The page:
Have autofluorescence? Now you don’t.
Learn how Imaging Mass Cytometry permits cleaner detection of surface and intracellular targets for quantifiable phenotyping and cell function assessment
Autofluorescence, the natural fluorescence that occurs in biological structures, can hamper your work in the lab. Importantly, it can affect the sensitivity of assays by leading to poor-quality images that make it hard to detect stains targeting specific cells. Depending on tissue type and signal intensity, autofluorescence can result in a false positive population or an artificial increase in the percentage of positive cells, especially if you’re working with highly autofluorescent tissues like lung, gut, brain or skin. When the background interferes, you may be unable to distinguish cell populations or complex architecture, which presents a significant challenge.
But grappling with autofluorescence isn’t a forgone conclusion. Because Imaging Mass Cytometry™ uses rare-earth metals as labels for antibodies instead of fluorophores, the background is non-existent, as these metals are not present in tissue samples. Additionally, since detection peaks are distinct and do not overlap, there is very little background overall. This permits cleaner detection of surface and intracellular targets for quantifiable phenotyping and cell function assessment.
IMC™ produces high-quality data similar to other imaging techniques, such as fluorescent multiplex imaging. However, fluorescent imaging technologies are prone to an abundance of autofluorescent artifacts, while these problems are virtually nonexistent in IMC. Because other fluorescence-based approaches have a vastly lower dynamic range than IMC, heterogeneous systems with big differences between the lowest- and highest-expressed molecules often appear overexposed, with signals showing up in unwanted cells.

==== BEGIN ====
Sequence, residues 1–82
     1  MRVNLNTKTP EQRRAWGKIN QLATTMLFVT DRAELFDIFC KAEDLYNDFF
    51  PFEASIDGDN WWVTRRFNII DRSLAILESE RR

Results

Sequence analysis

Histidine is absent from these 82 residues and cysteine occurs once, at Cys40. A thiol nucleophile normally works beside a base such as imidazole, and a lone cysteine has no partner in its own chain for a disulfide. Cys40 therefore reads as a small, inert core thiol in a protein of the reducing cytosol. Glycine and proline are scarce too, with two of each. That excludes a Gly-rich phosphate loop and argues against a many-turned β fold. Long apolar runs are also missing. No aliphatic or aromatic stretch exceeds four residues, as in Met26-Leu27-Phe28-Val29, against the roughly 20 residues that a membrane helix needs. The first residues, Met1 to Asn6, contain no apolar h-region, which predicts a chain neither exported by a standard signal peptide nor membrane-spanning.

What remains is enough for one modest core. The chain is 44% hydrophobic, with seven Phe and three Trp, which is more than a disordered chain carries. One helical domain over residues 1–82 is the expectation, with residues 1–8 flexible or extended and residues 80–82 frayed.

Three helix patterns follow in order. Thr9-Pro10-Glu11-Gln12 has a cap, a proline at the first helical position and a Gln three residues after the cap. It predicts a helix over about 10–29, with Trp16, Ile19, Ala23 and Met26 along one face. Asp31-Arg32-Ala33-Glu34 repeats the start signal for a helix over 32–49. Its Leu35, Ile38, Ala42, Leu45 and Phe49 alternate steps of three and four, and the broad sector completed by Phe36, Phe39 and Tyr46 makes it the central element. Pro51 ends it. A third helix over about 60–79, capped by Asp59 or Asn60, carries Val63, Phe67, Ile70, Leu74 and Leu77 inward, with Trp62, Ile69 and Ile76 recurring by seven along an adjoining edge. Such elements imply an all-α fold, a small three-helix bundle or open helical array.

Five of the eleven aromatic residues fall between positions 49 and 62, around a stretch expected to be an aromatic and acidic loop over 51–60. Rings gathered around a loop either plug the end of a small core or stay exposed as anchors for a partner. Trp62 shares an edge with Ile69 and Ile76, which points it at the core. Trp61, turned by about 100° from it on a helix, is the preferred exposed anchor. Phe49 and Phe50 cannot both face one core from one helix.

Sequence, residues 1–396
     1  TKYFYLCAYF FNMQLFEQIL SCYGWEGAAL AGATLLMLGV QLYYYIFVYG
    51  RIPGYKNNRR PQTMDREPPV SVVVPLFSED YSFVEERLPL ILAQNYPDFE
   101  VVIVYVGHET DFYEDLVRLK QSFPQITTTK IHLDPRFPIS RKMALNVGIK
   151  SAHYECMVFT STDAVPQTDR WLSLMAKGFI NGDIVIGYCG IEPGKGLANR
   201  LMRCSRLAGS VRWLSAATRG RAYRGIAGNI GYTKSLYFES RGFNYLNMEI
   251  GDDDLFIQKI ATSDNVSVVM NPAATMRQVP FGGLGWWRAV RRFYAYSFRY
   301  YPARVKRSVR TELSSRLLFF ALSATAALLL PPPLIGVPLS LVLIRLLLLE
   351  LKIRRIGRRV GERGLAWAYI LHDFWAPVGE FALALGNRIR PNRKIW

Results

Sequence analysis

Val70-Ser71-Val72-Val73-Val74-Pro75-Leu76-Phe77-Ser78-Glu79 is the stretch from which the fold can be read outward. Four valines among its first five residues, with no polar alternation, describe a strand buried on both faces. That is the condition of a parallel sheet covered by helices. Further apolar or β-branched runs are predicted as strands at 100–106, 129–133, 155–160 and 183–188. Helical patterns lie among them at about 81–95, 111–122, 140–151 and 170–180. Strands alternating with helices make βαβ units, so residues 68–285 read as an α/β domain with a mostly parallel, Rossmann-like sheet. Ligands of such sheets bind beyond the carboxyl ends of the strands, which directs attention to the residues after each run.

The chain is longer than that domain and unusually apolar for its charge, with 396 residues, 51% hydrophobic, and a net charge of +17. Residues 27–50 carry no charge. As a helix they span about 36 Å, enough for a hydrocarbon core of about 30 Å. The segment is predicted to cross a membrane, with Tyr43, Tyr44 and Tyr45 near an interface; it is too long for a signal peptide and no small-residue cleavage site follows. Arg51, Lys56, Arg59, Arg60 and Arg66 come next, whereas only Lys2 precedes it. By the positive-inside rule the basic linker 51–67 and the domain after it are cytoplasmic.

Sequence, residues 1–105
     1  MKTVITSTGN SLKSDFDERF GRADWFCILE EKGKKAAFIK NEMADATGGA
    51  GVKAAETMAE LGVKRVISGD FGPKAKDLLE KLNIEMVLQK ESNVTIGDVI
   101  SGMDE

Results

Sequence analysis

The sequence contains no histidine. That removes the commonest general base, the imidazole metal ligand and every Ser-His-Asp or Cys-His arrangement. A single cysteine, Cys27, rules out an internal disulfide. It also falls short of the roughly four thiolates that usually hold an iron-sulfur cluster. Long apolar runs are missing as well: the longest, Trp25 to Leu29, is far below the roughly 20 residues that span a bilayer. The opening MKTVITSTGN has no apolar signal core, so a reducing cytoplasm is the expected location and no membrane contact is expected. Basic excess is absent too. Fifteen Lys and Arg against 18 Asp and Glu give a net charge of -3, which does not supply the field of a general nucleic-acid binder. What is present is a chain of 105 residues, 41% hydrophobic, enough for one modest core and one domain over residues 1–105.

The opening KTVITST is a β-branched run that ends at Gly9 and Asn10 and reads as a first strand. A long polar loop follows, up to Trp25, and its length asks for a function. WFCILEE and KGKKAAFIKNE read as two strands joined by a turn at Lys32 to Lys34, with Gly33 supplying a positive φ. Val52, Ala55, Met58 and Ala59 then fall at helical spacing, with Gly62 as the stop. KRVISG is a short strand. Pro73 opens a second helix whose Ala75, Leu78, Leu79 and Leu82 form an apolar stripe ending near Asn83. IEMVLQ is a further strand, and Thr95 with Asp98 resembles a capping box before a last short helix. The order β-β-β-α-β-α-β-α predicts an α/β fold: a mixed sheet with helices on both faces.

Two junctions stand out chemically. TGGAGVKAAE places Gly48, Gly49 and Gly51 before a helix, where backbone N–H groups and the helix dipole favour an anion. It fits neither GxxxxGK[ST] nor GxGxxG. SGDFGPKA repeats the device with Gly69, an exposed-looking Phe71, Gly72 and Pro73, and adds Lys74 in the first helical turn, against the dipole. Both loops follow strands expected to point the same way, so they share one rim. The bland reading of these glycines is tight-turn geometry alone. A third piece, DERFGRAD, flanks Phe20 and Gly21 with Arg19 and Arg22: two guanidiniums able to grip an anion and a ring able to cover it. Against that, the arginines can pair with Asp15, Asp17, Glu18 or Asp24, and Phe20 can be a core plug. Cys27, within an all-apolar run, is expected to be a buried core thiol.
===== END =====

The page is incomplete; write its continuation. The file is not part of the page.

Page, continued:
Analyzing fluorescence data can also take time and energy and can even result in a loss of experiment sensitivity. The process of gating—isolating populations using molecules that are visualized by fluorescence in a unique emission spectrum—is complex, often involving multiple regions of interest or requiring backgating if you’re unsure of your process. In addition, tighter gates may mean you’re missing a crucial population.
Using IMC means you don’t have to deal with all of that. With IMC, you can effectively assign cellular borders, resulting in accurate and reliable cell segmentation.
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